Mamitas drops summer-inspired tequila hard seltzers

mamitas hard seltzer

Mamitas Hard Seltzer is getting ready for summer by launching two new flavors of its beverages, which are made with tequila.

A play on popular cocktails, the brand presents Spicy Marg and Tequila Sunrise drinks, which join the previously launched Paloma, lime, mango and pineapple varieties.

The Spicy Marg has a margarita body with a light cayenne kick and Tequila Sunrise tastes like a lighter-flavored version of the classic cocktail.

Made with 100% real tequila, each naturally gluten-free drink contains less than 1.5 g of sugar, 5% ABV and 95 calories, the company said.

Mamitas Hard Seltzer is available in an eight-count variety pack that retails from $17.99 to $21.99, a four-count pack from $9.99 to $12.99 and single 12-oz. cans that retail from $5 to $7. The classic flavors can be found on Drizly, as well as at Target, Walmart, Kroger and Publix among other retailers.


Upsher-Smith wins HDA's DIANA award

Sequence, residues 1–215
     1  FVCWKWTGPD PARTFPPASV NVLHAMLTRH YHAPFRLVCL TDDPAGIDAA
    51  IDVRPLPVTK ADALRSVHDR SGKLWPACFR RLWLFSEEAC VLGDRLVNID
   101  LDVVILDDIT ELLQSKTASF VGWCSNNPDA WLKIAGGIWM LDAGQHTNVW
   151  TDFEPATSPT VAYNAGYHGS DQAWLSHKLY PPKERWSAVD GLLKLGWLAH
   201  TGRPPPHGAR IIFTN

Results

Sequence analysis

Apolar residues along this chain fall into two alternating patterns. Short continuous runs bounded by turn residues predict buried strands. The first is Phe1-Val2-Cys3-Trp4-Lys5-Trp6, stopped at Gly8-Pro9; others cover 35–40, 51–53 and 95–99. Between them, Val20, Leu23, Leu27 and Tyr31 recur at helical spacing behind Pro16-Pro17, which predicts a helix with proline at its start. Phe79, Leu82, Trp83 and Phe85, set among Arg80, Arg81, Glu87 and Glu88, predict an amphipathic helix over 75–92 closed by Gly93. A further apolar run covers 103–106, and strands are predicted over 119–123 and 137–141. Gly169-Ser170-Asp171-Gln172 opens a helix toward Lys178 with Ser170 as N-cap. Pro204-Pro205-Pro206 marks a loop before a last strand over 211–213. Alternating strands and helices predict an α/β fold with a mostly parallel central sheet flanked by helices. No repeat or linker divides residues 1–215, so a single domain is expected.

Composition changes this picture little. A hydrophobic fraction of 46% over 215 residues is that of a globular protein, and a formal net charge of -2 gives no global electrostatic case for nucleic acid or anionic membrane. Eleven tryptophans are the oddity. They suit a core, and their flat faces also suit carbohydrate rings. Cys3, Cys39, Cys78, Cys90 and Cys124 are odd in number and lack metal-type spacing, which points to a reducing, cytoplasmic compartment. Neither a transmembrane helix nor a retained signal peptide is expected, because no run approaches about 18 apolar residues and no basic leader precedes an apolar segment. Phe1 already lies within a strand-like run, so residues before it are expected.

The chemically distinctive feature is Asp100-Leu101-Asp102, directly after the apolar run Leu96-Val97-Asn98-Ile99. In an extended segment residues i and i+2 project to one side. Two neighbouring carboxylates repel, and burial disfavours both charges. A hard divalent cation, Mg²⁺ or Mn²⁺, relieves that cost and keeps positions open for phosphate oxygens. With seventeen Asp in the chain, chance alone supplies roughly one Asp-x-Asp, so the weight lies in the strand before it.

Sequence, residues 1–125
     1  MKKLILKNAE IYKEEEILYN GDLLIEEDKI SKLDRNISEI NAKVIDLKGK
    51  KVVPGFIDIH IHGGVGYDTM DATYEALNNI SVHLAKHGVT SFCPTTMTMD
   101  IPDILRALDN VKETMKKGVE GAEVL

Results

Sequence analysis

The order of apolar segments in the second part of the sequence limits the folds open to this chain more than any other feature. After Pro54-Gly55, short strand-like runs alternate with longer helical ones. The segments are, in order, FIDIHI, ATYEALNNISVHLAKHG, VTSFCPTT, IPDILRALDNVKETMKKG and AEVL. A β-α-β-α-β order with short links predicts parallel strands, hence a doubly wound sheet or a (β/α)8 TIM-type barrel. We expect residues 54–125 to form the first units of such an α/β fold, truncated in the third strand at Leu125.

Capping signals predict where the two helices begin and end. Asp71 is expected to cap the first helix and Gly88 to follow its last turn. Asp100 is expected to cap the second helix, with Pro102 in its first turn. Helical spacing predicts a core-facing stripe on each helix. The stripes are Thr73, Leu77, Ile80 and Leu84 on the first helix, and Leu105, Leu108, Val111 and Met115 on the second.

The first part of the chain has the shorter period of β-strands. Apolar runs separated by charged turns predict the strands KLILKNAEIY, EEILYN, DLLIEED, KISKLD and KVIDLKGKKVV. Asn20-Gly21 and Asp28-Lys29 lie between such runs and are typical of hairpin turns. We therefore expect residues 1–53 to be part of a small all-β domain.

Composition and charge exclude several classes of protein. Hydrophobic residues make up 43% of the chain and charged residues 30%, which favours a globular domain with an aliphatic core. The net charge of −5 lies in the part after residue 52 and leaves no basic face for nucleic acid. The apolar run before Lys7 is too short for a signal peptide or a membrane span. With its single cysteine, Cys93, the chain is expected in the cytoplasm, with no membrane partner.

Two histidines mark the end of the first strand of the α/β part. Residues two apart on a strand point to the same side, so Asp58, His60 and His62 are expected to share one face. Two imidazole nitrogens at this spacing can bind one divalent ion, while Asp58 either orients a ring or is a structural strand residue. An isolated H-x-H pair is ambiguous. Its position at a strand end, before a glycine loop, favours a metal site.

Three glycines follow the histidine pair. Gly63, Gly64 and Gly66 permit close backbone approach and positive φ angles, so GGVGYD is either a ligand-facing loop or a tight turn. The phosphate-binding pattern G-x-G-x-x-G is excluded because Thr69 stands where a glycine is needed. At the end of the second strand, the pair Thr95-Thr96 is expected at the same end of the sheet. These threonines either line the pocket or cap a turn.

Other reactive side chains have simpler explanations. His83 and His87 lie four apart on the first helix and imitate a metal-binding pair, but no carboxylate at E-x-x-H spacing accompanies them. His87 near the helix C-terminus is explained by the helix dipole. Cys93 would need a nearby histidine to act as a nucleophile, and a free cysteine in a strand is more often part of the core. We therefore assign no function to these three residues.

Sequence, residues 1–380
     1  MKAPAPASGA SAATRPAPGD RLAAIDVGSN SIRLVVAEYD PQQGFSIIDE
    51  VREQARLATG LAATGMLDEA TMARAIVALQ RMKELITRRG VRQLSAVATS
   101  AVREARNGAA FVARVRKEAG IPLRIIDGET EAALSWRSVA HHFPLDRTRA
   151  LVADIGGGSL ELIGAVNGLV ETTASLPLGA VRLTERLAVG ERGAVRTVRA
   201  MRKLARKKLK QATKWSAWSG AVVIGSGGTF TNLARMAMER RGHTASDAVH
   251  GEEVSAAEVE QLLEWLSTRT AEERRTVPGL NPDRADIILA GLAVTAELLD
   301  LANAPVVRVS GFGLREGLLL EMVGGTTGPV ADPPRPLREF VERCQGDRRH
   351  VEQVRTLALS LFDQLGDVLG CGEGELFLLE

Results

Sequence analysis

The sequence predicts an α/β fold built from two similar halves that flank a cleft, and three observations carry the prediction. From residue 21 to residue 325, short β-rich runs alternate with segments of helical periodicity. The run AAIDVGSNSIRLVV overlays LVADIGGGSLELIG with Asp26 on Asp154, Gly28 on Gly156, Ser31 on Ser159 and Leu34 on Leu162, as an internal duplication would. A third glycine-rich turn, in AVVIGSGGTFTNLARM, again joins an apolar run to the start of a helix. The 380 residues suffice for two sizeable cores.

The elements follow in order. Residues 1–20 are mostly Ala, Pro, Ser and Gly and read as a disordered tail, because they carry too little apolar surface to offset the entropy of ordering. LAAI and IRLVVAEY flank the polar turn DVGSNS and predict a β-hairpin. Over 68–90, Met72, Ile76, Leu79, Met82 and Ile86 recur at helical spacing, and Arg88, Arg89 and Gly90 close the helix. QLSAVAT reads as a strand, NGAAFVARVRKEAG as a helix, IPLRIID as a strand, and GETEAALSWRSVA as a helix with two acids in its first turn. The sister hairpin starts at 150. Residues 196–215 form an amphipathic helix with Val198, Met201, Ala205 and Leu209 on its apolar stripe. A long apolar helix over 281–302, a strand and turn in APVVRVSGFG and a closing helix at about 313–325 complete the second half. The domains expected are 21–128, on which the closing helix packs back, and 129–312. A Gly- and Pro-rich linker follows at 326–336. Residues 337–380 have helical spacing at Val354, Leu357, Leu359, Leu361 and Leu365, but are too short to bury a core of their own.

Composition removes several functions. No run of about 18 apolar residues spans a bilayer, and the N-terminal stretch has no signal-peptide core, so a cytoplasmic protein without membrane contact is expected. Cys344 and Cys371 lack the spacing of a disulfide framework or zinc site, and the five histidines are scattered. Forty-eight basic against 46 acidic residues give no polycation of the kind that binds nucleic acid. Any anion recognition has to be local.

Gold star trophy.

Upsher-Smith has a reason to celebrate.

The company has been honored with a Distribution Industry Award for Notable Achievement in Healthcare for Best Overall Branded Pharmaceutical Product Manufacturer with less than $300 million in sales by the Healthcare Distribution Alliance, or HDA.

"Upsher-Smith is committed to upholding our reputation as a trusted healthcare partner. Delivering peace of mind for our customers by offering the best in supply and pharmaceutical manufacturing excellence is at the forefront of all that we do," said Rich Fisher, president and COO of Upsher-Smith. "This marks the 13th DIANA award for Upsher-Smith, and we are especially proud of the ongoing confidence that distributors have in our product quality and reliable supply. This customer confidence fuels our team to bring even more products to our trading partners in the years ahead."